Sean: A Probationer from Brownsville

I was on interim probation when I started with the Brownsville Community Justice Center. My probation officer was the person who encouraged me to enroll; I needed positive activities to occupy my time, so I filled out an application. I was excited about the program, completed the enrollment phase quickly, and began racing through my community service milestones.

Midway through the program, though, tough situations with my family came up, and I missed a few weeks of the program, but my case manager worked with me to get back on track with my goals. I wanted to be a better artist, so I was connected to an 8-week internship with Groundswell.

At Groundswell, I worked alongside professional artists on a mural project. I researched and developed a design for the project alongside other young men. Our design spoke to the minority male identity. The finished product is an awesome 30 x 45 ft portrait that speaks to the difficult things young men go through and how they can overcome tough situations. I felt proud and honored when I spoke to the crowd and camera crew at the unveiling. I still have to handle tough situations in life, but with the lessons I have learned through the Brownsville Community Justice Center, I feel more prepared to deal with what comes my way. 

Joseph: A Youth Court Member

I first became involved with the Staten Island Youth Court when I was 16 years old. I was not doing well in school and was getting into trouble with my friends. One day at school, my friends asked me to steal some money that was supposed to be for the Haiti relief fund. I was arrested and the judge in criminal court referred me to the Staten Island Youth Court. After completing my sanctions, I served two terms as a youth court member—and then continued to volunteer after my time as a member was over. My experiences with the youth court changed my perspective on the criminal justice system and myself. I no longer saw myself as a bad person—just a person who made a mistake.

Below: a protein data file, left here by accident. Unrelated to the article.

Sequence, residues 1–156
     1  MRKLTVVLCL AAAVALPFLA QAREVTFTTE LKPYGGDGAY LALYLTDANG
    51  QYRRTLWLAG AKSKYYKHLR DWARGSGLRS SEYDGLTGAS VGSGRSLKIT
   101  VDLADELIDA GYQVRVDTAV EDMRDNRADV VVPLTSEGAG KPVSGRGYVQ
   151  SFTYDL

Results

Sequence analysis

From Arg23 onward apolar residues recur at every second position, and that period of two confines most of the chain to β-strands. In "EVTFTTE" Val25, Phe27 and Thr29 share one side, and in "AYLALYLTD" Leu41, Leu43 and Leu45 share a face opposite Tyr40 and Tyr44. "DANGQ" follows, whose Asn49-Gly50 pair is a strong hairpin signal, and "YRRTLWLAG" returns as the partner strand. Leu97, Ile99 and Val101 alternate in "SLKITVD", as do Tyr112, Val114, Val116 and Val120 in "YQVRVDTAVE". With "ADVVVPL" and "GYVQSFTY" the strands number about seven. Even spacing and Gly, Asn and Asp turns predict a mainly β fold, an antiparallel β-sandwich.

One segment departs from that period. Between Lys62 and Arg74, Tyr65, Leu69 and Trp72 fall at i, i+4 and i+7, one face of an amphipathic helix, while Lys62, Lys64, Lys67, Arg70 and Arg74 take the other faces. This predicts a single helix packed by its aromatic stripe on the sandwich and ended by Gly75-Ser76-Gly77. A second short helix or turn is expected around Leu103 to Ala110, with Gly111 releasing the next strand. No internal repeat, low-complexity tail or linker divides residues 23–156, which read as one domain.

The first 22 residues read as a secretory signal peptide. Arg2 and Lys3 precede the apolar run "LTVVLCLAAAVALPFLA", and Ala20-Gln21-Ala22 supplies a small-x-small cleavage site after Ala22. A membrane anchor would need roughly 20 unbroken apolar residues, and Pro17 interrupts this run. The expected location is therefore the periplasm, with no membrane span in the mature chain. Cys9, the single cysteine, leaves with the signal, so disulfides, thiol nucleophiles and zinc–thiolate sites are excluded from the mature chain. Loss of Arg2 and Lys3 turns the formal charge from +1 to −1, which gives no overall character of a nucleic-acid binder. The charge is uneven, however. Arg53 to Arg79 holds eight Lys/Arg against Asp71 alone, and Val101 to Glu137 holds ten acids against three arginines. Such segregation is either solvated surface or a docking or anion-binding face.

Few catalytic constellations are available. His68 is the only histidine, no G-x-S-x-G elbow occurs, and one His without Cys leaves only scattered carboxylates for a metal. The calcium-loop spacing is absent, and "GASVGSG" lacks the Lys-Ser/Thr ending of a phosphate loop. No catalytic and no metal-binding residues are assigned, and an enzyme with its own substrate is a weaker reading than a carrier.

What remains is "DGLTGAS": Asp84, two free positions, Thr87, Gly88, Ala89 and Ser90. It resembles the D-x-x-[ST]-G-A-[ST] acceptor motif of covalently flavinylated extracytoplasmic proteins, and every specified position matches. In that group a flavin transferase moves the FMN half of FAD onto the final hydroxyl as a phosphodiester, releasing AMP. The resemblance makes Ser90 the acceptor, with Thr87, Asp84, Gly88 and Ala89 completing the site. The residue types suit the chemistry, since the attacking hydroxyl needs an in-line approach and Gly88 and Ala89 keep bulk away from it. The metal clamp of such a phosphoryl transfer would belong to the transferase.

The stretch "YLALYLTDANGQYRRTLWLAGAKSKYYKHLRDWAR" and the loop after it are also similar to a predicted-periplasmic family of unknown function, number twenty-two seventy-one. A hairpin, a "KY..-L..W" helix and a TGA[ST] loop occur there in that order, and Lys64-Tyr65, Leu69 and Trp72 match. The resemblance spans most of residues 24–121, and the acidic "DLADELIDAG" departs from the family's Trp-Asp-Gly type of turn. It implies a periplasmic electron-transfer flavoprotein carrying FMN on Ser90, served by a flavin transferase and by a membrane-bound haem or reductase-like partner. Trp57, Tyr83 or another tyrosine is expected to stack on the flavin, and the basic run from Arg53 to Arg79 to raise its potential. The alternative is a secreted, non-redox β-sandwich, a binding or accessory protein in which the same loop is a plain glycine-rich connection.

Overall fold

Franklin: A Police Officer in the Bronx

When I first heard about Bronx Community Solutions, the word "solutions" caught my ear. My partner and I inquired how we could help assist with community service projects. The crews sometimes need police supervision to make sure everyone is safe—especially when they are painting over gang tags. I talk to the participants and encourage them to turn their lives around. These are people who have committed crimes, but at the end of the day they are still part of the community. And I think doing this kind of work makes them think twice before committing another crime.

Gwen: A Mother in Queens

In March 2009, my 15-year-old son was arrested for assault. He was ordered to attend QUEST’s after-school program. While my son was in the program, the staff made sure he got a psychiatric evaluation and then helped me work with his school to have him placed in special education. I have five other children and it has been a struggle raising them. When I went to parent support groups at QUEST, I always felt listened to and respected. My son has had his ups and downs, but he is 18 now and no longer getting into trouble. I think that without QUEST helping him and me, he would be at Rikers Island today.